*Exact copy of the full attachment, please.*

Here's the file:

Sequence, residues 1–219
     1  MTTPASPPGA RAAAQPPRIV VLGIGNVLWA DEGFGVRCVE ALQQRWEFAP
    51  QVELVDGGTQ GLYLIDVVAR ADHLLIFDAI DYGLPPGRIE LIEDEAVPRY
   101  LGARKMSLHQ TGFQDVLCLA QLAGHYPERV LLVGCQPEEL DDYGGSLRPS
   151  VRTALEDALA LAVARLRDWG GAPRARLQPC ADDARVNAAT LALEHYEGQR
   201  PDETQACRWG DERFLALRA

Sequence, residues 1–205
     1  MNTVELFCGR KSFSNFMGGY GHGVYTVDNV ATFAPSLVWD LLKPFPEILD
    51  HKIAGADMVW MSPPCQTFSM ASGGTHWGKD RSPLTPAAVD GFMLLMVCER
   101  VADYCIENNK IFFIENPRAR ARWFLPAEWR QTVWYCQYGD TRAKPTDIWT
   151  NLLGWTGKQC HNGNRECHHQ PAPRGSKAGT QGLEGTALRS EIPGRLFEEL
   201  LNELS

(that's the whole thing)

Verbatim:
Sequence, residues 1–219
     1  MTTPASPPGA RAAAQPPRIV VLGIGNVLWA DEGFGVRCVE ALQQRWEFAP
    51  QVELVDGGTQ GLYLIDVVAR ADHLLIFDAI DYGLPPGRIE LIEDEAVPRY
   101  LGARKMSLHQ TGFQDVLCLA QLAGHYPERV LLVGCQPEEL DDYGGSLRPS
   151  VRTALEDALA LAVARLRDWG GAPRARLQPC ADDARVNAAT LALEHYEGQR
   201  PDETQACRWG DERFLALRA

Sequence, residues 1–205
     1  MNTVELFCGR KSFSNFMGGY GHGVYTVDNV ATFAPSLVWD LLKPFPEILD
    51  HKIAGADMVW MSPPCQTFSM ASGGTHWGKD RSPLTPAAVD GFMLLMVCER
   101  VADYCIENNK IFFIENPRAR ARWFLPAEWR QTVWYCQYGD TRAKPTDIWT
   151  NLLGWTGKQC HNGNRECHHQ PAPRGSKAGT QGLEGTALRS EIPGRLFEEL
   201  LNELS